Entrepreneurs often deceive themselves about the real ongoing costs of new ventures. We think things will happen sooner than they really will, cost less than they really will and require less time and energy than will actually be required. Confidence, an indispensable characteristic for successful entrepreneurs, often leads us to bite off more than we can chew.
During the planning and dreaming stages we bypass one of the universal rules of all real deliverables and outputs – Everything has overhead costs.
Overhead is Inevitable…whether we acknowledge it or not
I was recently on a board call with a brilliant businessman and colleague who was making this exact case. Kirk doesn’t speak often, but when he does I always capture and reuse his thoughts and comments. In this particular instance, we were trying to assess the capacity of the organization’s leadership. In short, we were trying to determine if they had enough margin – time, focus, resources – to launch a new initiative while juggling all the things already in the air. Kirk gently reminded us that there is always overhead attached to our endeavors and if nothing else, there is an intellectual demand.
I was struck by the truth of this concept.
The overhead might be more mental or emotional than dollars and days, but there is an enterprise tax that must always be carried forward with dreaming leaders. Ouch… maybe I should have used a different image than taxes. I guess I was just thinking of the old adage of death and taxes as certain inevitabilities.
Oh well. When conceptually mapping a new idea or building the budget for what that idea will cost to launch or sustain into the future, I must always ask the question of overhead.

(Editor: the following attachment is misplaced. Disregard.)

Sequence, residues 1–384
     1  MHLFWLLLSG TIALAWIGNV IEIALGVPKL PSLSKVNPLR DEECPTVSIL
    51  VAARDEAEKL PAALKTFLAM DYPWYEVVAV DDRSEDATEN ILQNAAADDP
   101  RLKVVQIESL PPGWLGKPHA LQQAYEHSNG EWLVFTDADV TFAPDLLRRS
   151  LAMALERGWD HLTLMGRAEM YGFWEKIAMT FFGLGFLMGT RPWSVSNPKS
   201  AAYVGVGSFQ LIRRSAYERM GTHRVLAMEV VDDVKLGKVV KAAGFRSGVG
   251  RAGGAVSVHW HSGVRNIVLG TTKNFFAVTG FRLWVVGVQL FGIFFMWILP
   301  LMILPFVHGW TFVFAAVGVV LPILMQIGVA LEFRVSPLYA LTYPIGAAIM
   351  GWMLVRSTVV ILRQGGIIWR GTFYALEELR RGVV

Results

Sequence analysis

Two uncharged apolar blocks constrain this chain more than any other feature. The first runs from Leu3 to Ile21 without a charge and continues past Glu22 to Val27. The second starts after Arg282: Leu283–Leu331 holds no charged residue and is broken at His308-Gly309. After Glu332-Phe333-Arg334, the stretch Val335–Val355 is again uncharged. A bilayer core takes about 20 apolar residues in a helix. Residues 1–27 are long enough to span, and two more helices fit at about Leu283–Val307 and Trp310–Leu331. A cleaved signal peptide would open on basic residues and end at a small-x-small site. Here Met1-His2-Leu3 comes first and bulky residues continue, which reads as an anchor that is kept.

Evaluating Overhead – Shifting our Focus To get at overhead I might have to push my concentration away from the exciting vision itself and to the methodical build-out. Or, I might have to predetermine what swaps are going to be in play to add something new. Everything and everyone has a finite capacity. Every competitive sports team has a roster limit; every airplane we jump on has a seat and weight limit; every tabletop, every 24-hour day. An entrepreneurial leader has to account for overhead. And more times than not, to realize the dream around the corner it is going to require all kinds of investments that are difficult to totally quantify ahead of time.
One trick is to build a little more margin into the process. Yes, you heard me. Cook some fat into the books with regard to the time, mental exercises, finances, and even the conversations needed to pull off your next big idea. Why? Because as Eileen Gunn's article points out, entrepreneurs regularly underestimate how much things will cost to launch and sustain. Whether it relates to employee payroll, startup costs, or even our own salaries, we tend toward optimism.
Now I fully understand that overhead can make a profitable, inspiring P&L look much less appealing. Gunn, in fact, acknowledges, “estimating higher costs, lower revenue and a longer time to viability might seem intimidating.” But some overhead is necessary. Without it there is never scale and sustainability.